Playing of sedentary games with dice and playing board games have had a major role in the Indian culture since at least 3000 BCE. This is shown by archaeological sites and early literary references in the Rig-Veda, Mahabharata and other texts. Some of these games have survived in the form of boards, game pieces, dice and cards. Apart from actual sets, the traces of board games can also be found in Hindu rock cut temples. These sculptures and paintings appear across the medieval period. The list is exhaustive. The game play also finds its presence on numerous temple floorings, carved or inscribed. Why would somebody carve these board games on these spaces? Interestingly, throughout history, some board games have increased its popularity, and some have disappeared from artistic expressional record. How did one board game overtake the other in terms of its popularity in the later phases of history? What made these games socially acceptable and popular? Where were these games played? What was the space context? The paintings dominantly show royal houses, court rooms as spaces. Were there special pavilions used for game playing by Indian royals? In India board games were traditionally played at ground level. With growing European influence in the subcontinent in the 18th century, local elites adopted the western custom of elevated furniture for board games. Did this change the space context?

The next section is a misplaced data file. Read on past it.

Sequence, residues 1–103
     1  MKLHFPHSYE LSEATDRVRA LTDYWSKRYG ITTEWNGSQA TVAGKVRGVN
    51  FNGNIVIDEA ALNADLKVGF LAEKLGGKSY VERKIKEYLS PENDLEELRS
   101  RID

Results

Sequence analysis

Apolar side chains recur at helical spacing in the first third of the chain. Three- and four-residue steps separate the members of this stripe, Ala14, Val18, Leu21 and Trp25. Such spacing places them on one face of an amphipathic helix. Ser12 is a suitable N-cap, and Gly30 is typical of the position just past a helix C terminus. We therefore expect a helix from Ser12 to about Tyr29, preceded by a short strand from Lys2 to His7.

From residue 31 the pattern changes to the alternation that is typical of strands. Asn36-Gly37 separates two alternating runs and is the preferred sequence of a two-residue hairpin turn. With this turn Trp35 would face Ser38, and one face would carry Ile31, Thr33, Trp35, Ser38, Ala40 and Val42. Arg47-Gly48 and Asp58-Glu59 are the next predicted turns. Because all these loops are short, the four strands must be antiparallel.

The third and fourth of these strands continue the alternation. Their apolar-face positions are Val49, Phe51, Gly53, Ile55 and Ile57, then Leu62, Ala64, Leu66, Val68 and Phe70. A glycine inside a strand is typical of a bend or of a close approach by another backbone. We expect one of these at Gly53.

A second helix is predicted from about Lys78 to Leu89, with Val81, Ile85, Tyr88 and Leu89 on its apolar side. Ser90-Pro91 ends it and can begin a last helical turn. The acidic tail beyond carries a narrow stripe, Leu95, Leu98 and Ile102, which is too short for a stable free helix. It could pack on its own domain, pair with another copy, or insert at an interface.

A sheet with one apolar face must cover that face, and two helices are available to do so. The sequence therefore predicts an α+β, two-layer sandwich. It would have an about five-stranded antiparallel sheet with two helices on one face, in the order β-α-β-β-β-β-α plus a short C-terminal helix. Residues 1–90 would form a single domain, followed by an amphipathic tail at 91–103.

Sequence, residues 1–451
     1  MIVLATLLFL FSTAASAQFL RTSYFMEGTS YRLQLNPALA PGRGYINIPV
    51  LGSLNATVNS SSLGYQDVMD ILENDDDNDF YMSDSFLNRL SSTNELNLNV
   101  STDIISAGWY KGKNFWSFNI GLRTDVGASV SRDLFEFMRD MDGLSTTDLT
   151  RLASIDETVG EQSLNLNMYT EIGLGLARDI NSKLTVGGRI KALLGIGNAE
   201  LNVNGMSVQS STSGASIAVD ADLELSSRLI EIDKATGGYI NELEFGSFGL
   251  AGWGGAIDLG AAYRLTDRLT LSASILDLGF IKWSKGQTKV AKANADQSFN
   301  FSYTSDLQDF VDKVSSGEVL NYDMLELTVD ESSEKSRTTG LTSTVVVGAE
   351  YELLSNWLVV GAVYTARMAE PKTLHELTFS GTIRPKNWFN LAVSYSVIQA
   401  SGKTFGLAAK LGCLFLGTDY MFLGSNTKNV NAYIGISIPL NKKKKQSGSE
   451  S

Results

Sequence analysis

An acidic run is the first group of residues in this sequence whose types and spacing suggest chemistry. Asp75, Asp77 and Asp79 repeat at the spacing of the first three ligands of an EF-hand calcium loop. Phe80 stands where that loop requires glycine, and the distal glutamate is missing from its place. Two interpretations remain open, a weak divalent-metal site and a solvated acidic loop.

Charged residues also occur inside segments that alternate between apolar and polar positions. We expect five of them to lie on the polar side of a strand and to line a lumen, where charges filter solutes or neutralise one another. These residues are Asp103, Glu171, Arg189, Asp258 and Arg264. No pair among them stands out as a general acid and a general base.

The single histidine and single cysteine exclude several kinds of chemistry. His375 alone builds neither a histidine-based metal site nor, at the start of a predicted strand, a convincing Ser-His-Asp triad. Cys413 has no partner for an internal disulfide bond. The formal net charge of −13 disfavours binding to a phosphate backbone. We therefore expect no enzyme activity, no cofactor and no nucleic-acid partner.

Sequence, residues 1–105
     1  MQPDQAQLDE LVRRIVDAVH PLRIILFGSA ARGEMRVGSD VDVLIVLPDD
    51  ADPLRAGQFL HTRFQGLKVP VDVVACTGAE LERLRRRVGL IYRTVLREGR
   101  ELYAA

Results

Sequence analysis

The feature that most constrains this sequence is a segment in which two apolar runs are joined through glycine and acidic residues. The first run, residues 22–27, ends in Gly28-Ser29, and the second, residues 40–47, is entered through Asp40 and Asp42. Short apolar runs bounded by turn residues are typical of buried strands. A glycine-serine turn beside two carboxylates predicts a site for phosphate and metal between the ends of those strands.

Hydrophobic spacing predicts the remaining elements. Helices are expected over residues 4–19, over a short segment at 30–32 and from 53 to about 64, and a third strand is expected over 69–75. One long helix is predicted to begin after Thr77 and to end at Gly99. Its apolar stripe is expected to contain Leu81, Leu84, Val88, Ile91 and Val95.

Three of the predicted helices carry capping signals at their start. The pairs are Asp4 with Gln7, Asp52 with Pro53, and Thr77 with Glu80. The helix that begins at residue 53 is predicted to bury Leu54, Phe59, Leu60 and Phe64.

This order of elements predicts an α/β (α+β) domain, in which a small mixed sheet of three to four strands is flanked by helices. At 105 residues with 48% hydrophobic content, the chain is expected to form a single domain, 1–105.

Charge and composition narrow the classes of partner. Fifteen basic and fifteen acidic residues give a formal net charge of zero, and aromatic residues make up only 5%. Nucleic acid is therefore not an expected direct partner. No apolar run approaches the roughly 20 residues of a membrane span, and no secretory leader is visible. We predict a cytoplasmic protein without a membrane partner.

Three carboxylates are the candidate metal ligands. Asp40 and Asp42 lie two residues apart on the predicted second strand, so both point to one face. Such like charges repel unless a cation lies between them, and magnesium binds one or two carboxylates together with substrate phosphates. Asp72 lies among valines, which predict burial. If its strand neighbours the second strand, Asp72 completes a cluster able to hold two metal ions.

The paper thus tries to evolve parameters to analyze the impact of board games on spaces and would throw light on the “space context” with reference to Indian board games tracing it to the contemporary time.
The American Museum of Natural History (amnh) has three mancala game boards in their collection that are connected with Suriname, formerly Dutch Guyana. One of these samples is exhibited in the amnh African Peoples Hall as part of a section on African Slavery and Diaspora. The games of Suriname were described by Melville J. Herskovits in an article dating to 1929, but the relation of these three boards with Herskovits has remained unclear. With the help of the Herskovits archives, the archival records of amnh and recent research on Surinamese Maroon communities, the history of these three boards is shown to be intimately linked with Herskovits’ broader intellectual project.